Reconstructive Bladder Surgery
Some patients with bladder cancer need to have reconstructive surgery as part of their treatment.1-3 When a patient has surgery called a radical cystectomy, the surgeon removes the entire bladder. The surgeon then uses reconstructive surgery to create a new way for the body to store and pass urine. Patients who have metastatic bladder cancer that has spread to other parts of the body may also need to have reconstructive surgery without removing the bladder. For those patients, the surgery is performed to help improve the patient’s urine flow and the cancer itself is treated in other ways, such as chemotherapy.
There are 3 options for reconstructive bladder surgery
There are several different types of reconstructive surgery for bladder cancer patients, each of which has advantages and disadvantages. The healthcare providers on your cancer care team will discuss all of the available options with you so you can make the choice that is best for you. The available options will depend upon factors such as a patient’s age, general health, and type of cancer.
Types of urinary diversions
Reconstructive surgeries in bladder cancer are also called urinary diversion procedures. Types of reconstructive surgery include:
- Incontinent diversion
- Continent diversion
Figure 1. Different tyes of bladder reconstruction
What is an ileal conduit (IC)?
During an incontinent diversion procedure, the surgeon uses a small piece of the patient’s intestine to create an ileal conduit.2 An ileal conduit is a way for urine to pass from the kidneys and out of the body. Urine flows from the kidneys and through the ureters, which connect the kidneys to the bladder. In patients who have had their bladder removed, one end of the ileal conduit is connected to the ureters and the other is connected to an opening in the skin on the abdomen. This opening is called a stoma or urostomy. A small bag attached to the stoma collects small amounts of urine that flows out of the body through the ileal conduit. The patient empties the small bag when it is full and reattaches it to the stoma.
What is an Indiana pouch (IP)?
During a continent diversion procedure, also known as the Indiana pouch, the surgeon creates a small pouch using a small piece of the patient’s intestine.1,2 One end of this pouch is attached to the ureters and the other end is attached to a stoma on the abdomen. The surgeon creates a valve in the pouch so it can store urine, which can be emptied by attaching a catheter (drainage tube) to the stoma. This procedure is different than incontinent diversion because the patient does not have an external bag storing urine outside the body. Continent diversion is also called a continent cutaneous pouch.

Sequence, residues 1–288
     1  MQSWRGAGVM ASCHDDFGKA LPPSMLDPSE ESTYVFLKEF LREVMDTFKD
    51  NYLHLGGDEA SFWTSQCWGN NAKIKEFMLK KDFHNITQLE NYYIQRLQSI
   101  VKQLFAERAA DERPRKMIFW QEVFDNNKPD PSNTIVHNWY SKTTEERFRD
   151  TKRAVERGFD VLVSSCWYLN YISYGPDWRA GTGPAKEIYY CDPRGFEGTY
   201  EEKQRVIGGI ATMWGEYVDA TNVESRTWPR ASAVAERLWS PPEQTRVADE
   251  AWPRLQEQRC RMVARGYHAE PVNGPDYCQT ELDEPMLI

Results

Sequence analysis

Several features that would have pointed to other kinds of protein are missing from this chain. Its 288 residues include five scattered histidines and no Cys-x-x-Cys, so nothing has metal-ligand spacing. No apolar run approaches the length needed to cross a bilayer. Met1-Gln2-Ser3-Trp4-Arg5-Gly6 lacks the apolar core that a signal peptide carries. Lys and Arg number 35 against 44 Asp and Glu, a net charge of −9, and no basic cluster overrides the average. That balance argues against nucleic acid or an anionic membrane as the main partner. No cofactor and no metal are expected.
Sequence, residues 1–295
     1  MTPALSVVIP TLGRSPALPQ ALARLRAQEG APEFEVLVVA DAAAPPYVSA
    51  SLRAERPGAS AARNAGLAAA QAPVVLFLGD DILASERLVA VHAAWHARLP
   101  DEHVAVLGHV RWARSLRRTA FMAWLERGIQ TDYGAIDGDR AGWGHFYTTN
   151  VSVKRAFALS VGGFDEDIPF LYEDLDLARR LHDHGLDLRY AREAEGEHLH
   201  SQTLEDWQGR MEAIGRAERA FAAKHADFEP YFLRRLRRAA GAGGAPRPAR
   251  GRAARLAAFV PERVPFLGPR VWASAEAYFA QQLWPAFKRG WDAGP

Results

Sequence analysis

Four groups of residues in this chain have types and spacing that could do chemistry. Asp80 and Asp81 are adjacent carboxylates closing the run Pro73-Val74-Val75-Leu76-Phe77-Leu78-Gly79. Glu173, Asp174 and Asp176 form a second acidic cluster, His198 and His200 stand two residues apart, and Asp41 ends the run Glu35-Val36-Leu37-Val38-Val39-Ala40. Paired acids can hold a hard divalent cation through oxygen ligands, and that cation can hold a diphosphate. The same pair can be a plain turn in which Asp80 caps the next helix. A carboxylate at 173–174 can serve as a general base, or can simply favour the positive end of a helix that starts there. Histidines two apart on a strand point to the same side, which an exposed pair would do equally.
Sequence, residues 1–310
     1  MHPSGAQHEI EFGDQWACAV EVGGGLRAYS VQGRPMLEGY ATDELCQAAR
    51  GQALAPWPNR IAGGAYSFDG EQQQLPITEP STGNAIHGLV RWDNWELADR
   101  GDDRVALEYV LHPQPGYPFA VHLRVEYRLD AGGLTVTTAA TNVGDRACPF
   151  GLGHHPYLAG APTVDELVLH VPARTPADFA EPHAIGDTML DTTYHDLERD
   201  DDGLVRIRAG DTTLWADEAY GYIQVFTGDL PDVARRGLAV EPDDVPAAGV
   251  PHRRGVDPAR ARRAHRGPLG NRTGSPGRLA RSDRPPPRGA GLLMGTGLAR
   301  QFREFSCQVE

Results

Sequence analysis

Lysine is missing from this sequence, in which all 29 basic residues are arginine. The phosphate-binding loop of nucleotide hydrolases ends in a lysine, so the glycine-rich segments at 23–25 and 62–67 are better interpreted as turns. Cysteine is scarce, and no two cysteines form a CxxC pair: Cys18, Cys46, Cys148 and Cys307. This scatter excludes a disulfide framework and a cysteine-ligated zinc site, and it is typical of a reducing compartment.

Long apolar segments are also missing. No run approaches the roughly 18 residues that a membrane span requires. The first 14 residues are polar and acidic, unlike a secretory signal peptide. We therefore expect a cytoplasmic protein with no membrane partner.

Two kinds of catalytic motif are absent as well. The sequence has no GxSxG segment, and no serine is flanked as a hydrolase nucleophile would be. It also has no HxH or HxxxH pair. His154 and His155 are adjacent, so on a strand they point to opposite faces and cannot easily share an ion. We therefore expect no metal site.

What is a neobladder?
A newer type of reconstructive surgery is called a neobladder.2 Like continent and incontinent diversion procedures, the surgeon connects a small piece of the patient’s intestine to the ureters. This piece of intestine is called a neobladder because it is used to store urine. Unlike those other procedures, the other end of the neobladder is attached to the urethra, which is the hollow tube-like organ that allows urine to flow out of the body from the bladder. Because the neobladder is attached to the urethra, many patients are able to urinate in a normal way after they recover from surgery.
Side effects of reconstructive bladder surgery
Bladder cancer patients who have had reconstructive surgery may experience side effects, such as urine leakage, pouch stones, and problems with urination.2 It can take time to adjust to lifestyle changes that result from the surgery, as patients may need to learn how to use their urostomy bag or catheter. Your healthcare providers will provide guidance and support in dealing with these types of issues.